Bermudagrass has been a popular forage for quite some time, and there's still value in this forage for southwest Missouri. John Jennings, a professor and expert in forages for the University of Arkansas Division of Agriculture, said that cold tolerance is one of the most important traits for any bermudagrass variety. There have been more varieties developed, in recent years, with sufficient tolerance to cold weather. These varieties have thus become more persistent in growth through the colder months.
 Jennings also noted that another factor many farmers want to consider is the need for a durable, persistent warm-season forage to compliment a dominant fescue based pasture system. This is where Bermudagrass can be extrememly beneficial. It compliments fescue because fescue becomes dormant in the summer months since it's a cool season grass. Bermudagrass, on the other hand, is a warm season forage and grows vigorously during the hot months. Also, fescue has the presence of toxic endophyte fungus (which is detrimental to cattle production) whereas Bermudagrass has no endophyte that will harm livestock. The increased forage production from introducing Bermudagrass will undoubtedly show gains in livestock.
Bermudagrass is also a high-yielding, premium quality hay for horses and cattle under good management, added Jennings. It also has a high capability to utilize nitrogen fertilizer and its range has expanded greatly due to the availibility of poultry litter.
 The best way to incorporate Bermudagrass into your existing forage if you're planting seeds or springs is to start with a weed-free, firm, tilled seedbed. No-till planting Bermuda seed has been successful if the sod is killed and weed control is good. Jennings also recommended a fact sheet on "Establishing Bermudagrass FSA-19" which can be found online at and provides step-by-step recommendations for planting.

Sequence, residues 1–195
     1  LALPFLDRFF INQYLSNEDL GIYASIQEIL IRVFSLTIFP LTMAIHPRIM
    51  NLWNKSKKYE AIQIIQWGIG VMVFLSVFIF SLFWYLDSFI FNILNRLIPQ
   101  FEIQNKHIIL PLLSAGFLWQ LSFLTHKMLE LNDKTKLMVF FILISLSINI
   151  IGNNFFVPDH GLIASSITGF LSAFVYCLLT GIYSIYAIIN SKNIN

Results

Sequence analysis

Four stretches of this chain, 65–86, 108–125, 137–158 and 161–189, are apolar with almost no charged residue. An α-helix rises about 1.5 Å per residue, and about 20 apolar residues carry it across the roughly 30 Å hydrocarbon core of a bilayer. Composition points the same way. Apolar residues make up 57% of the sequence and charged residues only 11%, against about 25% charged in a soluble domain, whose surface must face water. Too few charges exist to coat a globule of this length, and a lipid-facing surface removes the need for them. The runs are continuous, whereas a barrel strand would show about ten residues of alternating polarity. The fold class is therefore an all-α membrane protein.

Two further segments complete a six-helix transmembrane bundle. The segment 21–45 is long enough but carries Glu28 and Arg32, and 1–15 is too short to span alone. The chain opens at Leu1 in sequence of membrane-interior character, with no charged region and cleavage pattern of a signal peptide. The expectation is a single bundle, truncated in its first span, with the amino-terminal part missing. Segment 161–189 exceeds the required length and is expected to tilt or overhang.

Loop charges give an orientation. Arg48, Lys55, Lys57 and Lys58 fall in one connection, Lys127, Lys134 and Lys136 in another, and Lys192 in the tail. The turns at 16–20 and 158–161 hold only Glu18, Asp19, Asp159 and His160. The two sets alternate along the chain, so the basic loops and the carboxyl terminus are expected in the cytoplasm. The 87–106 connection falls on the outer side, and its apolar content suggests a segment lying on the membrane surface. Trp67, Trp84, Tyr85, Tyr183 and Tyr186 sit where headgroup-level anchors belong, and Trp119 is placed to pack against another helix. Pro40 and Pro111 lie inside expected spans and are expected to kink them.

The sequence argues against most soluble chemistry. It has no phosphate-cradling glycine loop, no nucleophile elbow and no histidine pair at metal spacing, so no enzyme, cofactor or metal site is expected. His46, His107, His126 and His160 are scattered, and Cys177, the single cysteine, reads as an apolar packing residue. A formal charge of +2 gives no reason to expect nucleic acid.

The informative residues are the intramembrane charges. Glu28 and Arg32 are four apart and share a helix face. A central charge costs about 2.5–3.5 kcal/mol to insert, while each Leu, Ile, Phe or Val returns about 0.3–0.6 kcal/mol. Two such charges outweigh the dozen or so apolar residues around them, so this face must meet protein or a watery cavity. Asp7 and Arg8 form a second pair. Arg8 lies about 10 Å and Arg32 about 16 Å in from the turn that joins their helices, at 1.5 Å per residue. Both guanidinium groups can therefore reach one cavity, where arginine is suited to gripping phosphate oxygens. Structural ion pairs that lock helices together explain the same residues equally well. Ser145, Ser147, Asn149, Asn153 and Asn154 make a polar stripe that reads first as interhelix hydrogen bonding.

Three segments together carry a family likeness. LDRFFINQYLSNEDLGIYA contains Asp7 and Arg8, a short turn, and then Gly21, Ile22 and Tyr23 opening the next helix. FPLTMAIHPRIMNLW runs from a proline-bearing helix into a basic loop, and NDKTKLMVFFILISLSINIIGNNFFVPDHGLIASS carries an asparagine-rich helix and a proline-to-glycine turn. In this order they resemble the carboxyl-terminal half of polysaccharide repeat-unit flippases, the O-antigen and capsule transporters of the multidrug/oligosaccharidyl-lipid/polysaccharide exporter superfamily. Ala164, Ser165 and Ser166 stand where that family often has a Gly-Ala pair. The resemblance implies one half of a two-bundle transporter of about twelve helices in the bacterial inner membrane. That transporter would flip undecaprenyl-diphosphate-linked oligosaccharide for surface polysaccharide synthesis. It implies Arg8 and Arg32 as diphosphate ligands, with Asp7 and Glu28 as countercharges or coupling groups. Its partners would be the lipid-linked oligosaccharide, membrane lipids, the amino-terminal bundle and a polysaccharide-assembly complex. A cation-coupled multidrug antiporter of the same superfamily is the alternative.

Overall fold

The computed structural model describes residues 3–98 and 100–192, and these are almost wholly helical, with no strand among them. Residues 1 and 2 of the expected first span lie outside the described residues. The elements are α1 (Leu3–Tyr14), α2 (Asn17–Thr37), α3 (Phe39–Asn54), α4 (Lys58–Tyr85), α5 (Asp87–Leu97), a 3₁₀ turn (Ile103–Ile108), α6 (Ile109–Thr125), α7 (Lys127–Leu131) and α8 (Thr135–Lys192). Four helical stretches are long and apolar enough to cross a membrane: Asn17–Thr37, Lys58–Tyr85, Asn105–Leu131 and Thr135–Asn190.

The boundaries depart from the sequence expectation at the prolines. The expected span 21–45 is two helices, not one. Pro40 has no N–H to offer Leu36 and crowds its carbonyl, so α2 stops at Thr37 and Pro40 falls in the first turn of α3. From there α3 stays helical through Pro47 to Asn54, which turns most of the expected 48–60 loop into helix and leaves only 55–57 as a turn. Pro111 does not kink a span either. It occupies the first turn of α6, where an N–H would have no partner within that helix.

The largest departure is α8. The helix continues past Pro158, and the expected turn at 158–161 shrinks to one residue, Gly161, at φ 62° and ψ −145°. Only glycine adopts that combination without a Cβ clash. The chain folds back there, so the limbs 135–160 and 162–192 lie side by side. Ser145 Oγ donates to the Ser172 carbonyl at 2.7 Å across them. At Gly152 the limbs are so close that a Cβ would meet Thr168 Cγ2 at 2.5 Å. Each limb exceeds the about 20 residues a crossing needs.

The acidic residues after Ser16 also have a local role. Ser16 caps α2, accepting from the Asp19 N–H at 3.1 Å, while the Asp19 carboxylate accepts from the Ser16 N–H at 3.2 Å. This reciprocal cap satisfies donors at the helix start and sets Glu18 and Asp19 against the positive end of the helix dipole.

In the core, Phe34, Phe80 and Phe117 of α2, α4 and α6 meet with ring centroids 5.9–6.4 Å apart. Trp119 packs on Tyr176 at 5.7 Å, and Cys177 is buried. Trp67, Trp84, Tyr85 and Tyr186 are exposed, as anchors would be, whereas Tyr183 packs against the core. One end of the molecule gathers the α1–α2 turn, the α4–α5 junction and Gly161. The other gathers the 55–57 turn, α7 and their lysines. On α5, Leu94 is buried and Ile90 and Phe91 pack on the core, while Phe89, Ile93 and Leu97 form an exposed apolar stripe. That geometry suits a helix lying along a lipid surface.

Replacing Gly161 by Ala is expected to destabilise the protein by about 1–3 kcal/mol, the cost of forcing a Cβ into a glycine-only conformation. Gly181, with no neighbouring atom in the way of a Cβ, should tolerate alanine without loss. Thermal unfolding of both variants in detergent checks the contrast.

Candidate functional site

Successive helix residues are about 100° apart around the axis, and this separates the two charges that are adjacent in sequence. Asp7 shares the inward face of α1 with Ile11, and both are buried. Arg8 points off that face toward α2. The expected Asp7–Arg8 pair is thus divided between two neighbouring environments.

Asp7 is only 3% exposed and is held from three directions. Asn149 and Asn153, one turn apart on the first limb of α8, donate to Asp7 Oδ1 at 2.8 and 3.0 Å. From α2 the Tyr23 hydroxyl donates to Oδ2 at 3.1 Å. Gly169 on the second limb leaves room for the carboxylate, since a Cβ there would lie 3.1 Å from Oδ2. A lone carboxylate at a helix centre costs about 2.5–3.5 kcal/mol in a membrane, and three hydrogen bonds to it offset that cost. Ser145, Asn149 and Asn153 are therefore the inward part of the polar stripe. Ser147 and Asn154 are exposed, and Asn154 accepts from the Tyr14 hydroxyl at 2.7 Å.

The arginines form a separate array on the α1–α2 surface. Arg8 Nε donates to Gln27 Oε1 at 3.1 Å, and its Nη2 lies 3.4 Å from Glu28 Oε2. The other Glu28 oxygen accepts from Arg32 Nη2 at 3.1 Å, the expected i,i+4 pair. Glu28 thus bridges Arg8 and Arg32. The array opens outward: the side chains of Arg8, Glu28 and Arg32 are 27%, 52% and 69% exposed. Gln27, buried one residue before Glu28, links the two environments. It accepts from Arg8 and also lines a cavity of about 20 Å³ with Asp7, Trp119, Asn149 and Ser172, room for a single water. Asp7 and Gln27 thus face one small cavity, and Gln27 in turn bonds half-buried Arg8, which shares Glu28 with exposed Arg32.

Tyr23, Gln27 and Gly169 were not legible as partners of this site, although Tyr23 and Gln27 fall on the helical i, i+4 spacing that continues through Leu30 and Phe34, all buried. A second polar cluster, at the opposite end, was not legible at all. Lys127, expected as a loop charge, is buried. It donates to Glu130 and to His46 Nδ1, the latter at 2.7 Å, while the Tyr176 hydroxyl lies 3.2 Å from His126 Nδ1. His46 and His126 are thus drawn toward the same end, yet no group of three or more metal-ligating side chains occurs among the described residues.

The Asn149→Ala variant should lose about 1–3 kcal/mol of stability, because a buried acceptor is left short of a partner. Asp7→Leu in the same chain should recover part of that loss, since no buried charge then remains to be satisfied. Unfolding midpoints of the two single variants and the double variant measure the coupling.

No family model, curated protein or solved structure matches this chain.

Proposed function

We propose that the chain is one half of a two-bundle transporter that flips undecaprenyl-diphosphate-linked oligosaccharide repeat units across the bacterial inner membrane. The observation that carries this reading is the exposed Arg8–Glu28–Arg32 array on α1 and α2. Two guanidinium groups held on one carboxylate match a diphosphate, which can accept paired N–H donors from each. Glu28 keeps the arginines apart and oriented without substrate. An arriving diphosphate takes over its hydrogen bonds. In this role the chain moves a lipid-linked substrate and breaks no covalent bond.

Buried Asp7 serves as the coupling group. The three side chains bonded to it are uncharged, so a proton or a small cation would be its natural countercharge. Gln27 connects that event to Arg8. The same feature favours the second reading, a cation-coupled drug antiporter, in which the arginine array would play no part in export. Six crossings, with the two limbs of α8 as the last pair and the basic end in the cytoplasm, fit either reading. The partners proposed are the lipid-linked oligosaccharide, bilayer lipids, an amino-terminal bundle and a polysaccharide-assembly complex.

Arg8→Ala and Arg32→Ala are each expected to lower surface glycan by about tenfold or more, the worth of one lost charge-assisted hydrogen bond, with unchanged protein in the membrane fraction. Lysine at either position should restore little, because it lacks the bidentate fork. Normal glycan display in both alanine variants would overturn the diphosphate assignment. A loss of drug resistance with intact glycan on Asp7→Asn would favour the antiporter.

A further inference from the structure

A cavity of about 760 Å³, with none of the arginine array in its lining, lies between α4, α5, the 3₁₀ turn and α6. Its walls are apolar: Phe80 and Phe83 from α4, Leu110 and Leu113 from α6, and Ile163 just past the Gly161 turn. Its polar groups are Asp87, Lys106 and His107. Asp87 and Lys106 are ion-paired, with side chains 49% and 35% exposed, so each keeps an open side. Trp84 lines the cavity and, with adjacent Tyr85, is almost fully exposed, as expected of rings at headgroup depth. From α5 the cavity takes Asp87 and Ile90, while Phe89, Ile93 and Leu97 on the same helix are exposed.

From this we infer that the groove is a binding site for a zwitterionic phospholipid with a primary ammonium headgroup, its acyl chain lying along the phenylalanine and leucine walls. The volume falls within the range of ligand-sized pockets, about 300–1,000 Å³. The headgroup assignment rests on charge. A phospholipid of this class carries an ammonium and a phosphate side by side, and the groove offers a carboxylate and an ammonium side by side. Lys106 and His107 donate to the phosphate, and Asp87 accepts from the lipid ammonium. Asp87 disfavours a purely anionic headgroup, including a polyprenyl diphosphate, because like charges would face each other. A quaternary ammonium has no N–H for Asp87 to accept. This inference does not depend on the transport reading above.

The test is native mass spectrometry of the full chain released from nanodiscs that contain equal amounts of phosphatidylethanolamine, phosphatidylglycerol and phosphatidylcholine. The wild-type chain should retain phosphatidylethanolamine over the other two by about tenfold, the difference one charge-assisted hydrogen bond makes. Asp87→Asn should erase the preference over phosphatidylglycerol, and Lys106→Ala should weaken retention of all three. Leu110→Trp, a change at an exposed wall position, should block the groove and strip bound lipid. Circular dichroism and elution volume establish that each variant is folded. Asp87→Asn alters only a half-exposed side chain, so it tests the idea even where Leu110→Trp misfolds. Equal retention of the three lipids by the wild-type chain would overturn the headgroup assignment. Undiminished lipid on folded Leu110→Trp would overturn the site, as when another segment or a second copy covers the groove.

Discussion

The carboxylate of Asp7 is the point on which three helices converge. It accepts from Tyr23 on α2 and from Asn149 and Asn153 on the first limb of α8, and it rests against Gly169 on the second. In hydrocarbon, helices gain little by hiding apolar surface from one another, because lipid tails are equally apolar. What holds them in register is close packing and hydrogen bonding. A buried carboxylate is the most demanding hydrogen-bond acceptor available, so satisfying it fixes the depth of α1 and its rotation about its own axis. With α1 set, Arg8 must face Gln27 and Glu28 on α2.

Planting Bermuda into an existing fescue sod usually leads to poor establishment due to competition from fescue sod, Jennings added. However, in some areas, feeding your livestock mature, common Bermuda hay will deposit enough seed to get Bermuda started in fescue fields. The only problems with common Bermuda is that it is typically lower yielding than most hybrids and if started in this manner, it can also easily spread to other fields where it may not be desired. Mixed Fescue/Bermuda pastures do provide longer grazing seasons with proper management, but mixed fields are also difficult to manage for stockpiled fall pasture and to maintain a desirable and even mixture of the two forages.
 Bermudagrass is high in nitrogen and potash requirements for hay production so producers should be aware of the maintenance costs for high-yielding Bermuda varieties, said Jennings. He also noted that in northern Arkansas and southern Missouri about 1/4 to 1/3 of pasture acres should be in warm-season forage – and Bermuda is a good choice.


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